Leibniz, on the other hand, makes a tantalizing analogy between numbers and music: 'The pleasure we obtain from music comes from counting, but counting unconsciously. Music is nothing but unconscious arithmetic.'
    What, so far as we can ascertain, is the situation with the twins, and perhaps others? Ernst Toch, the composer--his grandson Lawrence Weschler tells me--could readily hold in his mind after a single hearing a very long string of numbers; but he did this by 'converting' the string of numbers to a tune (a melody he himself shaped 'corresponding' to the numbers). Jedediah Buxton, one of the most ponderous but tenacious calculators of all time, and a man who had a veritable, even pathological, passion for calculation and counting (he would become, in his own words, 'drunk with reckoning'), would 'convert' music and drama to numbers. 'During the dance,' a contemporary account of him recorded in 1754, 'he fixed his attention upon the number of steps; he declared after a fine piece of musick, that the innumerable sounds produced by the music had perplexed him beyond measure, and he attended even to Mr. Garrick only to count the words that he uttered, in which he said he perfectly succeeded.'
    Here is a pretty, if extreme, pair of examples--the musician who turns numbers into music, and the counter who turns music into numbers. One could scarcely have, one feels, more opposite sorts of mind, or, at least, more opposite modes of mind. I believe the twins, who have an extraordinary 'feeling' for numbers, without being able to calculate at all, are allied not to Buxton but to Toch in this matter. Except--and this we ordinary people find so difficult to imagine--except that they do not 'convert' numbers into music, but actually feel them, in themselves, as 'forms', as 'tones', like the multitudinous forms that compose nature itself. They are not calculators, and their numeracy is 'iconic'. They summon up, they dwell among, strange scenes of numbers; they wander freely in great landscapes of numbers; they create, dramaturgically, a whole world made of numbers. They have, I believe, a most singular imagination--and not the least of its singularities is that it can imagine only numbers. They do not seem to 'operate' with numbers, non-iconically, like a calculator; they 'see' them, directly, as a vast natural scene.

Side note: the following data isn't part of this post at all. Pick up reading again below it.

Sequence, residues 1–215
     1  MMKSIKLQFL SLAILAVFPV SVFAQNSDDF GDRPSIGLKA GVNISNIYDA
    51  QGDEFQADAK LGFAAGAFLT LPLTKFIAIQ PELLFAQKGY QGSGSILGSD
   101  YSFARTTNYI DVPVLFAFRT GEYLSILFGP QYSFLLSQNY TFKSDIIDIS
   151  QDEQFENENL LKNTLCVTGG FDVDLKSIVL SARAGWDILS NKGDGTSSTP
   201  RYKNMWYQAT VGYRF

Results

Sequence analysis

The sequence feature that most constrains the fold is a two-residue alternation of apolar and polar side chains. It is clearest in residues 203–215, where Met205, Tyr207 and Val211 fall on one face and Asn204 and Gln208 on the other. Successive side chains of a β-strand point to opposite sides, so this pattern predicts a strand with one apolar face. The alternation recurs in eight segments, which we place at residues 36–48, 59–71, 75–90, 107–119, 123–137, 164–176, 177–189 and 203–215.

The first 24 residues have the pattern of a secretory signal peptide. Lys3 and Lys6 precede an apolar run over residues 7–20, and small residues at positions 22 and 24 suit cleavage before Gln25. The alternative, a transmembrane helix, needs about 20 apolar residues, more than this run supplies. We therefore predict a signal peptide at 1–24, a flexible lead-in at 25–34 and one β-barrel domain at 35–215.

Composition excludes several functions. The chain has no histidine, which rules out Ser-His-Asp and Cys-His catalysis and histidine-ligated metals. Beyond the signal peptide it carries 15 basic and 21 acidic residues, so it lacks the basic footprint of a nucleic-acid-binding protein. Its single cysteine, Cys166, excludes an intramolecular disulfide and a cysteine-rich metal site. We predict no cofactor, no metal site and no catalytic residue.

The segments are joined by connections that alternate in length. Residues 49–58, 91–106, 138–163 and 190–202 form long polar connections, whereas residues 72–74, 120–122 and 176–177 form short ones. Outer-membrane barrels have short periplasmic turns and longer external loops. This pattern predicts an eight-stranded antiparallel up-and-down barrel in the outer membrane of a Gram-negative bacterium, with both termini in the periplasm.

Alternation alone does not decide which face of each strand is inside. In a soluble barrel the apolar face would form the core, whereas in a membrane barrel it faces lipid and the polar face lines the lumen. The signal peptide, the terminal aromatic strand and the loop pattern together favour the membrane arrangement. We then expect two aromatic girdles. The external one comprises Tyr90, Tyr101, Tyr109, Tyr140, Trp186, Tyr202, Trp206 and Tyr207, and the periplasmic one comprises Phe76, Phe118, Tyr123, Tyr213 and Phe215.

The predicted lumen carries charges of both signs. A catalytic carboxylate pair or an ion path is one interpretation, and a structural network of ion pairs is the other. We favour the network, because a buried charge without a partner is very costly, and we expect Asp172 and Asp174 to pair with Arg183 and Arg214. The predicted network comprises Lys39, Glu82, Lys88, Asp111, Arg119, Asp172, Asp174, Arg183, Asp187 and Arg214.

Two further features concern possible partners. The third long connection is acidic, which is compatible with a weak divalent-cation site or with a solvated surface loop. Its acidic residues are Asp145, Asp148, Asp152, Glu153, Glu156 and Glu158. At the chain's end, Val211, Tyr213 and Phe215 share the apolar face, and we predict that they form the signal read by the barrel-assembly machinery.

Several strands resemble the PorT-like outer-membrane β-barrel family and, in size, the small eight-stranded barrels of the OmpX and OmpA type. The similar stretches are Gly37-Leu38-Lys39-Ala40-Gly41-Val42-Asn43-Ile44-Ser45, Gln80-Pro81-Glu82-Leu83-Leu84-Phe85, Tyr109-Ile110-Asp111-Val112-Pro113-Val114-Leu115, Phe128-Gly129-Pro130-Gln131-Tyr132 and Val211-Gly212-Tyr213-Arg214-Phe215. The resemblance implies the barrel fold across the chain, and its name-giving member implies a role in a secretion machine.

And if one asks, are there analogies, at least, to such an 'iconicity', one would find this, I think, in certain scientific minds. Dmitri Mendeleev, for example, carried around with him, written on cards, the numerical properties of elements, until they became utterly 'familiar' to him--so familiar that he no longer thought of them as aggregates of properties, but (so he tells us) 'as familiar faces'. He now saw the elements, iconically, physiognomically, as 'faces--faces that related, like members of a family, and that made up, in toto, periodically arranged, the whole formal face of the universe. Such a scientific mind is essentially 'iconic', and 'sees' all nature as faces and scenes, perhaps as music as well. This 'vision', this inner vision, suffused with the phenomenal, none the less has an integral relation with the physical, and returning it, from the psychical to the physical, constitutes the secondary, or external, work of such science. ('The philosopher seeks to hear within himself the echoes of the world symphony,' writes Nietzsche, 'and to re-project them in the form of concepts.') The twins, though morons, hear the world symphony, I conjecture, but hear it entirely in the form of numbers.